AI Drives Cloud Player Capex Amid Cautious Overall Spend

  • Cloud service providers’ capex is expected to grow by around 8% YoY in 2023 due to investments in AI and networking equipment.
  • Microsoft and Amazon are among the highest spenders as they invest in data center development. Microsoft will spend over 13% of its capex on AI infrastructure.
  • AI infrastructure can be 10x-30x more expensive than traditional general-purpose data center IT infrastructure.
  • Chinese hyperscalers’ capex is decreasing due to their inability to access NVIDIA’s GPU chips, and decreasing cloud revenues.

New Delhi, Beijing, Seoul, Hong Kong, London, Buenos Aires, San Diego – July 25, 2023

Global cloud service providers will grow capex by an estimated 7.8% YoY in 2023, according to the latest research from Counterpoint’s Cloud Service. Higher debt costs, enterprise spending cuts and muted cloud revenue growth are impacting infrastructure spend in data centers compared to 2022.

Commenting on the large cloud service providers’ 2023 plans, Senior Research Analyst Akshara Bassi said, “Hyperscalers are increasingly focusing on ramping up their AI infrastructure in data centers to cater to the demand for training proprietary AI models, launching native B2C generative AI user applications, and expanding AIaaS (Artificial Intelligence-as-a-Service) product offerings”.

According to Counterpoint’s estimates, around 35% of the total cloud capex for 2023 is earmarked for IT infrastructure including servers and networking equipment compared to 32% in 2022.

Global Cloud Service provider's Capex
Source: Counterpoint Research
2023 Capex Share
Source: Counterpoint Research

In 2023, Microsoft and Amazon (AWS) will account for 45% of the total capex. US-based hyperscalers will contribute to 91.9% of the overall global capex in 2023.

Chinese hyperscalers are spending less due to slower growth in cloud revenues amid a weak economy and difficulties in acquiring the latest NVIDIA GPU chips for AI due to US bans. The scaled-down version – A800 of the flagship A100/H100 chips – that NVIDIA has been supplying to Chinese players may also come under the purview of the ban, further reducing access to AI silicon for Chinese hyperscalers.

Global Cloud Service Provider's AI spends as % of Total Capex, 2023
Source: Counterpoint Research

Based on Counterpoint estimates, Microsoft will spend proportionally the most on AI-related infrastructure with 13.3% of its capex directed towards AI, followed by Google at around 6.8% of its capex. Microsoft has already announced its intention to integrate AI within its existing suite of products.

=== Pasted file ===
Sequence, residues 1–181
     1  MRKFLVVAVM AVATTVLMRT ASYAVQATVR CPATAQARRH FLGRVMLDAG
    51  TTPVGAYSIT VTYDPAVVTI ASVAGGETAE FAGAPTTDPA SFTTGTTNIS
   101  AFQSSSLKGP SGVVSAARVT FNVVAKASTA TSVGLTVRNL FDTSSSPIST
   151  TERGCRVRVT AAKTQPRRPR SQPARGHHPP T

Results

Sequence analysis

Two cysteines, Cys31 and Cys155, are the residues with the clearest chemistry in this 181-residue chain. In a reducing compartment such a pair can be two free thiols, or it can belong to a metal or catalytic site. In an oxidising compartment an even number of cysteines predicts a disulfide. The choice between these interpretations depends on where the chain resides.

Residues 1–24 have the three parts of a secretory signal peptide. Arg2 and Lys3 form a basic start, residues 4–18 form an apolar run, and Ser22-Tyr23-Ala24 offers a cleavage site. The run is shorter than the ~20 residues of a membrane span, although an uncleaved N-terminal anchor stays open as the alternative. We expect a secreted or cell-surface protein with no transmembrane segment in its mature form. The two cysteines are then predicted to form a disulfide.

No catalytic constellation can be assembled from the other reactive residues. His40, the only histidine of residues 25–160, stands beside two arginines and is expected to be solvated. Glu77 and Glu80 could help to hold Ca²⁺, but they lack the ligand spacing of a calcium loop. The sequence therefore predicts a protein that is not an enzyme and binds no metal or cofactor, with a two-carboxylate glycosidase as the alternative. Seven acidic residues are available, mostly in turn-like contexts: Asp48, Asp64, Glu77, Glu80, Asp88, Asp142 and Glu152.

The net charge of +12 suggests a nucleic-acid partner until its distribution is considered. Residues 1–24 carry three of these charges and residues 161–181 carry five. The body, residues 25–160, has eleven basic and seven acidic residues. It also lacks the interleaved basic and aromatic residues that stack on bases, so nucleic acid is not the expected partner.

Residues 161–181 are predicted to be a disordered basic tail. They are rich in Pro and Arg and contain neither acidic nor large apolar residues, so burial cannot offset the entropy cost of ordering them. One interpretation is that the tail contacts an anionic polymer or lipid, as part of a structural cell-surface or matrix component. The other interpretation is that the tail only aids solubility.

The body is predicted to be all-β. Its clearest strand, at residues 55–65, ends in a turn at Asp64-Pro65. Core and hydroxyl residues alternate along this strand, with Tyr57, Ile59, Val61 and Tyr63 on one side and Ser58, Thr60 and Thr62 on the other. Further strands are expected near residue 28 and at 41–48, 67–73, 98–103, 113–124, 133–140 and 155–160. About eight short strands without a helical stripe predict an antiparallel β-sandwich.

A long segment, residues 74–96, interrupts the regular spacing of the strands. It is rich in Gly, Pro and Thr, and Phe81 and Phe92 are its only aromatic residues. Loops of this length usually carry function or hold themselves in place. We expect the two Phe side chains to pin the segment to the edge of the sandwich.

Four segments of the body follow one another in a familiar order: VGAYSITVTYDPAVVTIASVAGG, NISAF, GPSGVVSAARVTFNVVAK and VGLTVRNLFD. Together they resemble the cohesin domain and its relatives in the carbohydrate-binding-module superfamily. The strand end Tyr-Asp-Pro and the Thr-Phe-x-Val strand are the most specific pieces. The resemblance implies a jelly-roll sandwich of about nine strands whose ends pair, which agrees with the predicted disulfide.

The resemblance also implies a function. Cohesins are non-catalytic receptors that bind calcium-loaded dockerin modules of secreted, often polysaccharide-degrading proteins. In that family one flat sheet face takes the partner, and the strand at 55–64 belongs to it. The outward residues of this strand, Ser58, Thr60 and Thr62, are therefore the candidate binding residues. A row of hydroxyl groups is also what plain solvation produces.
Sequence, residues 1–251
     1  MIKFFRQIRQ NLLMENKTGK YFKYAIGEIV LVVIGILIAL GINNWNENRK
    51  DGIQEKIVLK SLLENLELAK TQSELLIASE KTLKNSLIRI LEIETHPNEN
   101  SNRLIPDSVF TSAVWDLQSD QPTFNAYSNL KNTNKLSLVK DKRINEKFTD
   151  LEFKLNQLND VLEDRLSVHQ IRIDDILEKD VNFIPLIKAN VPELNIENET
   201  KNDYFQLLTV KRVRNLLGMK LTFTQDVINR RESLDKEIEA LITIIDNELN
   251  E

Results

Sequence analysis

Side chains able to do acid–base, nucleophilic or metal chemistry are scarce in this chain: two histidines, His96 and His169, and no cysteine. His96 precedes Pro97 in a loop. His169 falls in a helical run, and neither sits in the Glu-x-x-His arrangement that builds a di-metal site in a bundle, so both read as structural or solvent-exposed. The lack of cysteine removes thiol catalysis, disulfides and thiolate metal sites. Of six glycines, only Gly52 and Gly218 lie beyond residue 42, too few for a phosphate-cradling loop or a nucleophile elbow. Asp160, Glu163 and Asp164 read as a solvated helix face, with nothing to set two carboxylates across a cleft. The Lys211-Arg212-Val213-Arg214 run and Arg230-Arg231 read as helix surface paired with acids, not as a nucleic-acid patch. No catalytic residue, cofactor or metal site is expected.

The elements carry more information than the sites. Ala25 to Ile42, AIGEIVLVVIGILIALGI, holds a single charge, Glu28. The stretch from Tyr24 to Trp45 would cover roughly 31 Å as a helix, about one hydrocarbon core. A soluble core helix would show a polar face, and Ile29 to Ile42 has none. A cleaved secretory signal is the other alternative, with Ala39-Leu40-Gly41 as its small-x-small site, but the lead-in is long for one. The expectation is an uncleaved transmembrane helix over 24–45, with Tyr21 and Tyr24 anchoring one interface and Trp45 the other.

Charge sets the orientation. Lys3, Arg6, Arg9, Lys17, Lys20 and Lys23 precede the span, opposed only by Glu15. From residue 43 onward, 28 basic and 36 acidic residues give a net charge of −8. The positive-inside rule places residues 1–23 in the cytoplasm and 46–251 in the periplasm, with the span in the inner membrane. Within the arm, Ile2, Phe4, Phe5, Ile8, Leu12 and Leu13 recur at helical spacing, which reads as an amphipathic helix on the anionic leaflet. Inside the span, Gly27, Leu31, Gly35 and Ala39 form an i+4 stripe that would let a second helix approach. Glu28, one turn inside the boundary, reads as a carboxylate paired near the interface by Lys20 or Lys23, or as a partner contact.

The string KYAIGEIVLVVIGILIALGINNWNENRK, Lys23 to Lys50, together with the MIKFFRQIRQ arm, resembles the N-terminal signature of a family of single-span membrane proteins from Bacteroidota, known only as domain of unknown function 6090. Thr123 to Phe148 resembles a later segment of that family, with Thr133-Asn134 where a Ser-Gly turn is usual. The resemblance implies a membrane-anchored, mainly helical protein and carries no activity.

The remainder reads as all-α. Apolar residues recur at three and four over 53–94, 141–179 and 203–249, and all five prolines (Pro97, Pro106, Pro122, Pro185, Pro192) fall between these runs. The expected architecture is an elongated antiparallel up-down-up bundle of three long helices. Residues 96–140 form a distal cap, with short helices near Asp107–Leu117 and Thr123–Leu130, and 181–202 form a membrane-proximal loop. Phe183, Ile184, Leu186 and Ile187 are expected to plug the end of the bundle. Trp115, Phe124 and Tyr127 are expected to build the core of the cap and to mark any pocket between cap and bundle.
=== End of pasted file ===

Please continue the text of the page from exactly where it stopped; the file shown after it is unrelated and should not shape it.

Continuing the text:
AI infrastructure can be 10x-30x more expensive than traditional general-purpose data center IT infrastructure.

Though Chinese players are investing a larger portion of their spends towards AI, the amount is significantly less than that of the US counterparts due to a lower overall capex.

 The comprehensive and in-depth ‘Global Cloud Service Providers Capex’ report is available. Please contact Counterpoint Research to access the report.


Counterpoint Technology Market Research is a global research firm specializing in products in the technology, media and telecom (TMT) industry. It services major technology and financial firms with a mix of monthly reports, customized projects, and detailed analyses of the mobile and technology markets. Its key analysts are seasoned experts in the high-tech industry.

Analyst Contacts

Akshara Bassi


Peter Richardson


 Neil Shah


Follow Counterpoint Research

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Global Server Revenues to Grow 17% YoY in 2022

  • Global server revenues will grow 17% YoY in 2022 to reach $111.7 billion.
  • Global server shipments will rise 6% YoY in 2022 to reach 13.8 million units.

New Delhi, Boston, Toronto, London, Hong Kong, Beijing, Taipei, Seoul – June 7, 2022

The global server market’s revenue will grow 17% YoY in 2022 to reach $111.7 billion, according to Counterpoint’s Global Server Sales Tracker. From an enterprise perspective, transformation to hybrid cloud and upgrades of existing infrastructure to handle increased workloads will provide growth impetus after a pause during the COVID-19 pandemic. 5G, automotive, cloud gaming and high-performance computing will remain the key drivers for cloud service providers in data center expansion.

The market is evolving with the introduction of “As-a-Service” and “pay per use” models by server companies, like Pointnext from HPE, APEX from Dell and TruScale from Lenovo. The business model pivot has been enjoying great success due to more flexibility given to the customer at minimum capital expenses due to the emergence of workload-based infrastructure.

Looking at the overall market, Research Analyst Akshara Bassi said, “In an inflationary but extremely dynamic environment, companies are looking to strengthen their infrastructure as they prepare for Web 3.0 demands from the infrastructure end. Companies are diversifying their IT infrastructure to meet the needs of data evolution and making customers cloud-ready.”

Counterpoint Research Global Server market Revenue

Global Server Market Observations, 2018-2021

  • Revenues were flat in 2020 and early 2021 owing to the pandemic and less spending by enterprises on IT infrastructure upgrades and expansion.
  • In H2 2021, there was a backlog due to supply chain disruptions across the whole value chain from accelerator chips to power ICs, which has trickled into H1 2022.
  • The demand in 2021 picked up due to investments by hyperscalers in the fields of supercomputing, edge computing and 5G deployment. From an enterprise perspective, the upgrades and expansions happened to enable digital transformation along with cloudification of processes.